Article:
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How risky is turbulence on a plane? How worried should I be?

The Singapore Airlines turbulence incident that has sadly left one person dead and others hospitalised has made many of us think about the risks of air travel.

We’ll hear more in coming days about how the aircraft came to drop so suddenly on its route from London to Singapore earlier this week, injuring passengers and crew, before making an emergency landing in Thailand.

But thankfully, these types of incidents are rare, and much less-common than injuries from other types of transport.

So why do we sometimes think the risk of getting injured while travelling by plane is higher than it really is?

How common are turbulence injuries?

Turbulence is caused by the irregular movement of air, leading to passengers and crew experiencing abrupt sideways and vertical jolts.

In the case of the Singapore Airlines flight, this type of turbulence is thought to be a severe example of “clear-air turbulence”, which can occur without warning. There are several other types.

About 25 in-flight turbulence injuries are reported to the Australian Transport Safety Bureau each year, although it is thought many more are un-reported. Some of these reported injuries are serious, including broken bones and head injuries. Passengers being thrown up and out of their seat during turbulence is one of the most common type of head injury on a plane.

Other injuries from turbulence are caused by contact with flying laptops, or other unsecured items.

In one example of clear-air turbulence that came without warning, cabin crew, passengers and meal trolleys hit the ceiling, and landed heavily back on the floor. Serious injuries included bone fractures, lacerations, neck and back strains, a dislocated shoulder and shattered teeth. Almost all of those seriously injured did not have their seat belts fastened.

But we need to put this into perspective. In the year to January 2024, there were more than 36 million passengers on international flights to Australia. In the year to February 2024, there were more than 58 million passengers on domestic flights.

So while such incidents grab the headlines, they are exceedingly rare.

Why do we think flying is riskier than it is?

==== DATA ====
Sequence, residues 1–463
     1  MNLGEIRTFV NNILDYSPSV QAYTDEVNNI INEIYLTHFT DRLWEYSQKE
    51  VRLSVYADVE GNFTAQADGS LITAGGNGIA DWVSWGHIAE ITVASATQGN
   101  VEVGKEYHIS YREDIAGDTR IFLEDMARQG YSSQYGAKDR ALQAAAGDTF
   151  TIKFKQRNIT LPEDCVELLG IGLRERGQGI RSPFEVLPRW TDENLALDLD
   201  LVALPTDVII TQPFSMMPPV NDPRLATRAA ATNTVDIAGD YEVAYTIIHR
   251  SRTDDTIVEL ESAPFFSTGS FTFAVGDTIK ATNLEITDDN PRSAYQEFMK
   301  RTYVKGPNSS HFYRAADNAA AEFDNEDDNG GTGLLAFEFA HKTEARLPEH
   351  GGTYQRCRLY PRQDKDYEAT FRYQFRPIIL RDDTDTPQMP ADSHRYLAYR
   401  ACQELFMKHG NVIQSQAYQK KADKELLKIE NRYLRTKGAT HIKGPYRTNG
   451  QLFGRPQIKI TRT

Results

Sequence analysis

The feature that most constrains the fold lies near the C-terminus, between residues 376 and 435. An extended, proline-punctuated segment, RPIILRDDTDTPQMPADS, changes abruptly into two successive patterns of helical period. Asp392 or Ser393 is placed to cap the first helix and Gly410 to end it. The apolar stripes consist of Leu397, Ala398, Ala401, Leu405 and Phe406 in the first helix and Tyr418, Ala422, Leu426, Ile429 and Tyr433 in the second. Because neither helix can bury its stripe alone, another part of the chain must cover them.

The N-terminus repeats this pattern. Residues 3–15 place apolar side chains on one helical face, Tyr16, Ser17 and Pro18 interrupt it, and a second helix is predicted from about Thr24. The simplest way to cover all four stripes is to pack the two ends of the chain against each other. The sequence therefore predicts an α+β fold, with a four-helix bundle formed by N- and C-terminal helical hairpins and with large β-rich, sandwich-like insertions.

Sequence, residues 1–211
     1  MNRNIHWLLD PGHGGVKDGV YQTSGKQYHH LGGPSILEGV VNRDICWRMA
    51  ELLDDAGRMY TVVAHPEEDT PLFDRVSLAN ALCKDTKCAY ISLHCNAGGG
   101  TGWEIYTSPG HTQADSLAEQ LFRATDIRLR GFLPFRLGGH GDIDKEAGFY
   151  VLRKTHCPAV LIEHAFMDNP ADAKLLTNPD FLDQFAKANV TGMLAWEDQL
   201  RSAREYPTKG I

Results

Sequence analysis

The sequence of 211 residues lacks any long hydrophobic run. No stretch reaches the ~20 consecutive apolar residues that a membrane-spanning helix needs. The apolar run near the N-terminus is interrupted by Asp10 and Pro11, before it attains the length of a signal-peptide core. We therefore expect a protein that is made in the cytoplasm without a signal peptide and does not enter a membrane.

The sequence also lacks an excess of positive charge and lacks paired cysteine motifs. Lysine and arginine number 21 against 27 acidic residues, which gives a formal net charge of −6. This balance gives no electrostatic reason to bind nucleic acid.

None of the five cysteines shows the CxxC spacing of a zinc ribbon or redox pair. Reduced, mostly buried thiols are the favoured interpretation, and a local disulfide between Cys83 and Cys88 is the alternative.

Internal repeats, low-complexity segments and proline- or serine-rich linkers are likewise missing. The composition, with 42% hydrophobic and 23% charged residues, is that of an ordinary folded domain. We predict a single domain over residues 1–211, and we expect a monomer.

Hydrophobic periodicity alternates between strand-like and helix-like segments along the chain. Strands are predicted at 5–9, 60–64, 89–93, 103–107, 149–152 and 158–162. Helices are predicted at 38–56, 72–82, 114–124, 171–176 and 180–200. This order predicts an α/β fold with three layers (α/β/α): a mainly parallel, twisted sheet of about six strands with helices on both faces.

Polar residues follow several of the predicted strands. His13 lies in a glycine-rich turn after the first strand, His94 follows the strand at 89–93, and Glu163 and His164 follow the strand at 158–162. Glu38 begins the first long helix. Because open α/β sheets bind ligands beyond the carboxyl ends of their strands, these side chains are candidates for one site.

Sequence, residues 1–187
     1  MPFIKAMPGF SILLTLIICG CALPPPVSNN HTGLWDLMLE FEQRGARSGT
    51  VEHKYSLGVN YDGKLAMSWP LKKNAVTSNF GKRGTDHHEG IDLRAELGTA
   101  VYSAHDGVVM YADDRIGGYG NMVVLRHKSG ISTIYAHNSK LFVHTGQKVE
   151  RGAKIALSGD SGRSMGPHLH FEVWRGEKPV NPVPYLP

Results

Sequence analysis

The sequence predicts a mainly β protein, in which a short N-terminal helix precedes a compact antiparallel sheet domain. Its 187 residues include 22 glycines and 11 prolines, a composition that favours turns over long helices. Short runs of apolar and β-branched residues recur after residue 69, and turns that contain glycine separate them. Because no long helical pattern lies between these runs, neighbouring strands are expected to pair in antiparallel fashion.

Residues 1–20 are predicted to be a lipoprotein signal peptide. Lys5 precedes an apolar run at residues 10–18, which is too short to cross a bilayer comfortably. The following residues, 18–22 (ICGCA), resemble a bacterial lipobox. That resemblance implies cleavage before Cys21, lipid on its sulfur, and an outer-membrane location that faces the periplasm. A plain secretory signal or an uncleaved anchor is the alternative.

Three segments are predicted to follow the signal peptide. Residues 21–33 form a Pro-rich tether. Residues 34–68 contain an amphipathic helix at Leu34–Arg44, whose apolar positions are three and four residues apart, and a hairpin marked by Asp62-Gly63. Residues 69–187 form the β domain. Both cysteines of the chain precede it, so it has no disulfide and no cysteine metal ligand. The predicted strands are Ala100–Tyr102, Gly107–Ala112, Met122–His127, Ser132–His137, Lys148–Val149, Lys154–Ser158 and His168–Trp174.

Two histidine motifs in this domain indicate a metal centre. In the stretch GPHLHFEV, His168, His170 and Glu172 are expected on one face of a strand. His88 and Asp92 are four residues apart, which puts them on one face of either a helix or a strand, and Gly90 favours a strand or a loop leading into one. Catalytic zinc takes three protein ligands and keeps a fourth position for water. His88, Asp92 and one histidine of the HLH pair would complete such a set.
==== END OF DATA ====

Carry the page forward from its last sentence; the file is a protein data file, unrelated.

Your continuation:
When we hear about this recent Singapore Airlines incident, it’s entirely natural to have a strong emotional reaction. We might have imagined the terror we might feel if we were on the aircraft at the time.

But our emotional response alters our perception of the risk and leads us to think these rare incidents are more common than they really are.

Thinking, Fast and Slow
Penguin Press

There is a vast body of literature addressing the numerous factors that influence how individuals perceive risk and the cognitive biases we are all subject to that mislead us.

Nobel Prize-winning economist Daniel Kahneman covers them in his bestselling book Thinking, Fast and Slow.

He describes the way we respond to risks is not rational, but driven by emotion. Kahneman also highlights the fact that our brains are not wired to make sense of extremely small risks. So these types of risks – such as the chance of serious injury or death from in-flight turbulence – are hard for us to make sense of.

The more unusual an event is, and this was a very unusual event, Kahneman says the more impact it makes on our psyche and the more likely we are to overestimate the risk.

Of course, the more unusual the event, the more likely it is for it to be in the media, amplifying this effect.

Similarly, the easier it is to imagine an event, the more it affects our perception and the more likely we are to respond to an event as if it were much more likely to occur.

How can we make sense of the risk?

One way to make sense of activities with small, hard-to-understand risks is by comparing their risks to the risks of more familiar activities.

If we do this, the data shows very clearly that it is much more risky to drive a car or ride a motorbike than to travel by plane.

While events such as the Singapore Airlines incident are devastating and stir up lots of emotions, it’s important to recognise how our emotions can mislead us to over-estimate the risk of this happening again, or to us.

Apart from the stress and anxiety this provokes, overestimating the risks of particular activities may lead us to make bad decisions that actually put us at greater risk of harm.

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